street fights

On an LES Block, One’s Got to Go: Streeteries, Construction, or Cars

A wooden outdoor dining structure with two black blankets as doors that read
Japanese restaurant Yopparai Ronin’s outdoor dining structure. Photo: Courtesy of Yopparai Ronin

On January 15, Christy Shibata, the owner of Japanese restaurant Yopparai Ronin on the Lower East Side, received a letter from the Department of Transportation telling her to immediately take down the restaurant’s streetery. If she didn’t, Shibata would have to cover the costs of the city removing the structure and pay a $1,000 fine. Continuing to serve alcohol in the structure, the letter continued, could lead to her liquor license being suspended. The same letter was sent to three other restaurants on the same Clinton Street block: the Burgary, Taqueria Diana, and Thailicious. The reason? A new eight-story, 12-unit condo (developed by Vault Development Partners) is going up on that block, and DOT determined that there just isn’t enough room for streeteriers, construction vehicles, and cars on the narrow street.

The day before Shibata received the letter, a DOT inspector came to check on several structures on the street and said her streetery looked fine, only asking for more reflective tape to be added. The interaction with DOT was similar for Jayj Lue, the owner of Thailicious. A DOT inspector asked her to fix some things on her streetery, which required her to buy some construction materials. After ordering additional wood the next day, she received the notice asking her to take down the structure. “It means that we have only one way [to operate]: takeout and delivery, but this is not enough to survive,” she said.

Yopparai Ronin’s wooden streetery was built by professional contractors and is wired for electric heaters, so while it technically can be removed, it would be a difficult and expensive undertaking. “These are real structures and we feel kind of stupid for having made that investment and [now] they can just rip the rug out from under us like that,” she said. “We can’t serve inside right now, and so if we also can’t serve outside, it basically shuts us down. It’s hard enough as it is, just to stay open with outdoor dining.”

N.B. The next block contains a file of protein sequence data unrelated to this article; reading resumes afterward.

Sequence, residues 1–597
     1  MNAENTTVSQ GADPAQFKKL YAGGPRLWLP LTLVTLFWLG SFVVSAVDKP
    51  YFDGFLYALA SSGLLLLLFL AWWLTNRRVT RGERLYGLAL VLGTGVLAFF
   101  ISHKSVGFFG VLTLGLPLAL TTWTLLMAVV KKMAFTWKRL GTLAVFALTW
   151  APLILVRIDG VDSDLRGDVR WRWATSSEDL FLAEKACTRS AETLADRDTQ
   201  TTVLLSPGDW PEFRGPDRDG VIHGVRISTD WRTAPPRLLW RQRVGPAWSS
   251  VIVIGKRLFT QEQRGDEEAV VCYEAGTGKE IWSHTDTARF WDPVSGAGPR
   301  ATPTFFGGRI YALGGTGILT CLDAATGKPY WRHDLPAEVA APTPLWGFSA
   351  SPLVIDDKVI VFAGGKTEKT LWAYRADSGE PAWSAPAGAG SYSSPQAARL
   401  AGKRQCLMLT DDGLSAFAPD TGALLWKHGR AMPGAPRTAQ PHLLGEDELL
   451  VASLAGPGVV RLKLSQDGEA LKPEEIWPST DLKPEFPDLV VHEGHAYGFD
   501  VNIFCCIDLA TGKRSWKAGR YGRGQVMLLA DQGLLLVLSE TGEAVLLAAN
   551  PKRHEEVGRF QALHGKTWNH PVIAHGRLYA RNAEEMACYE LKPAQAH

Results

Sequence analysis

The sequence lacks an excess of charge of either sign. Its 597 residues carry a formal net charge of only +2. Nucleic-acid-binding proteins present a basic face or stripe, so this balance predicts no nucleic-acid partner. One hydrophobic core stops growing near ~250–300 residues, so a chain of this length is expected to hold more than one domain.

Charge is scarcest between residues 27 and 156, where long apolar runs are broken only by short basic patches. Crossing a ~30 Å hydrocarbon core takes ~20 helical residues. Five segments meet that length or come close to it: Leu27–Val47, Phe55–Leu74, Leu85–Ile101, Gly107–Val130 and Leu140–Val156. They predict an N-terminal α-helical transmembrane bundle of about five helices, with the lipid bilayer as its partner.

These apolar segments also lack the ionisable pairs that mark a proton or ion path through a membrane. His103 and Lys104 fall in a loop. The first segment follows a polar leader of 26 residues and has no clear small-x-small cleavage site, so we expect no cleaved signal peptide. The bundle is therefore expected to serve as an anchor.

With little space available on the narrow street, DOT decided to move the travel lane from in front of the 66 Clinton Street construction site to where the streeteries are to allow cars coming from the Williamsburg Bridge to pass by. “This is a rare case, and unfortunately we can’t let local construction prevent New Yorkers from accessing their roadways,” a DOT spokesperson said. “We know this is a hard time for local restaurants in any circumstance, and we’re actively reviewing solutions for this establishment.”

The restaurant owners are now in touch with Community Board 3 and their local elected officials to find a solution to the situation. Meanwhile, the 23,000-square-foot condo which the developers describe in its website as “a quiet sanctuary and majestic garden in the heart of Manhattan’s Lower East side” continues construction, and is slated to be completed in the second quarter of 2022. (Vault Development didn’t immediately respond to a request for comment.)

Removing the streeteries would affect not only the individual businesses, but the block as a whole, which has seen new life and increased foot traffic since they were built. “When I think about all of these diverse restaurants all in the same area being attacked by this,” Shibata added, “it just feels so anti-New York.”

On an LES Block, It’s Streeteries, Condos, or Cars